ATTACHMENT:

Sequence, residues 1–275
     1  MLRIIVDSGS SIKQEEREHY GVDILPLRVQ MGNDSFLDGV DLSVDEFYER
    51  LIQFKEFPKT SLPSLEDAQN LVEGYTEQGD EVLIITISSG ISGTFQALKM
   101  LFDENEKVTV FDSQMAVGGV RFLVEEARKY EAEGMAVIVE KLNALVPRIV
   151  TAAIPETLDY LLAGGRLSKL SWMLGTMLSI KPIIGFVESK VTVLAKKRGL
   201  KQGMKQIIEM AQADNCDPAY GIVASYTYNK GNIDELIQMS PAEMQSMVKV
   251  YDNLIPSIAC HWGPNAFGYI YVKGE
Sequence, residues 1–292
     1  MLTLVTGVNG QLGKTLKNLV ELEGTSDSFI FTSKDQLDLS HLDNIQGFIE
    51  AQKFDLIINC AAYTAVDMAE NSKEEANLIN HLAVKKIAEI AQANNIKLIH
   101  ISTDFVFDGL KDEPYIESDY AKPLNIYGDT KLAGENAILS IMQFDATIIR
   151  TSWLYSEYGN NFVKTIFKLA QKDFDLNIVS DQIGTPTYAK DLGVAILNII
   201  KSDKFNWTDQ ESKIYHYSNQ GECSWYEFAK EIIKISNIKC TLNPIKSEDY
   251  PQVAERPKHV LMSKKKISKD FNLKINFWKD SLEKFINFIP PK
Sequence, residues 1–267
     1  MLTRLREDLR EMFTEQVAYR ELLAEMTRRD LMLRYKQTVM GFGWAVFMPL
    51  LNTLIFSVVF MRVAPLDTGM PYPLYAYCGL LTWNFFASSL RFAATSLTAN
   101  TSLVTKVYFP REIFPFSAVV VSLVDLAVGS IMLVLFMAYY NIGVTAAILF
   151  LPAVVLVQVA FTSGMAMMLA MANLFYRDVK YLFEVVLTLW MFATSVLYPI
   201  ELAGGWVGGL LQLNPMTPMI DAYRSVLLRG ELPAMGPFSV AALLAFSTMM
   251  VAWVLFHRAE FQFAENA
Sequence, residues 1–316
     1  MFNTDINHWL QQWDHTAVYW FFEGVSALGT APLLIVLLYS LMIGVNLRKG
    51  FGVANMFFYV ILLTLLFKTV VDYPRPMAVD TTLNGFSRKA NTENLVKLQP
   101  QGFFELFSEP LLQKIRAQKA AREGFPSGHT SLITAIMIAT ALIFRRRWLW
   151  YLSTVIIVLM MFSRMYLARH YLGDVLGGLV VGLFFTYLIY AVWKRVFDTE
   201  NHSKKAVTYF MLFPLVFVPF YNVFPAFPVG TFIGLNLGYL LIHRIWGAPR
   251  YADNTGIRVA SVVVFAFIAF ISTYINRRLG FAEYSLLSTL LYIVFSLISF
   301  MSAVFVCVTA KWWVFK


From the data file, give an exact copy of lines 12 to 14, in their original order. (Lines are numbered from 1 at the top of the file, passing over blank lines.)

   151  TSWLYSEYGN NFVKTIFKLA QKDFDLNIVS DQIGTPTYAK DLGVAILNII
   201  KSDKFNWTDQ ESKIYHYSNQ GECSWYEFAK EIIKISNIKC TLNPIKSEDY
   251  PQVAERPKHV LMSKKKISKD FNLKINFWKD SLEKFINFIP PK